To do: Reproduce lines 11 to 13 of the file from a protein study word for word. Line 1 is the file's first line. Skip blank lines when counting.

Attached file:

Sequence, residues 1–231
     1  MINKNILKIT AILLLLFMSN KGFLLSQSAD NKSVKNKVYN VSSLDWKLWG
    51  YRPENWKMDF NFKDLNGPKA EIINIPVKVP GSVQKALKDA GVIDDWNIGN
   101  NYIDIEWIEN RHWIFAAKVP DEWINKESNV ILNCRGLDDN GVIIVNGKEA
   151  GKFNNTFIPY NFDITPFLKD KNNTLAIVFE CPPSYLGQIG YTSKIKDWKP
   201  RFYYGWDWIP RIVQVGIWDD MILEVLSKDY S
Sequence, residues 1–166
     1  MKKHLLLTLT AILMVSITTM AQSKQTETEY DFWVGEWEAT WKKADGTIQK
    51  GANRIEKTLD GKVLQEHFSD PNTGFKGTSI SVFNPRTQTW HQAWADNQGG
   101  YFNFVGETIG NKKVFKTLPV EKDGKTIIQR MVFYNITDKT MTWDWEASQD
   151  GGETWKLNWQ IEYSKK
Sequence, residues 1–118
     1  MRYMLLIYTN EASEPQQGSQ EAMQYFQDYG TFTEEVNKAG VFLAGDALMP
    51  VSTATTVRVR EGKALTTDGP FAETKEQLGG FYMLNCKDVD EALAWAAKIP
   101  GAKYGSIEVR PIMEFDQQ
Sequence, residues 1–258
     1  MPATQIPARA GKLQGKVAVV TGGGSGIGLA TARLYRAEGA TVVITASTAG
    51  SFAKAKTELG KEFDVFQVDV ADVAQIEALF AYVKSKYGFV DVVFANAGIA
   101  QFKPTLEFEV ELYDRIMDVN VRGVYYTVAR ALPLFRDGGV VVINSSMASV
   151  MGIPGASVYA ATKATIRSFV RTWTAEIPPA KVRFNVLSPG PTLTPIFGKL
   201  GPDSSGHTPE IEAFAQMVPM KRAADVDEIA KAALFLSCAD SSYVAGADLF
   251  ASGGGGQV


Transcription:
   151  GGETWKLNWQ IEYSKK
Sequence, residues 1–118
     1  MRYMLLIYTN EASEPQQGSQ EAMQYFQDYG TFTEEVNKAG VFLAGDALMP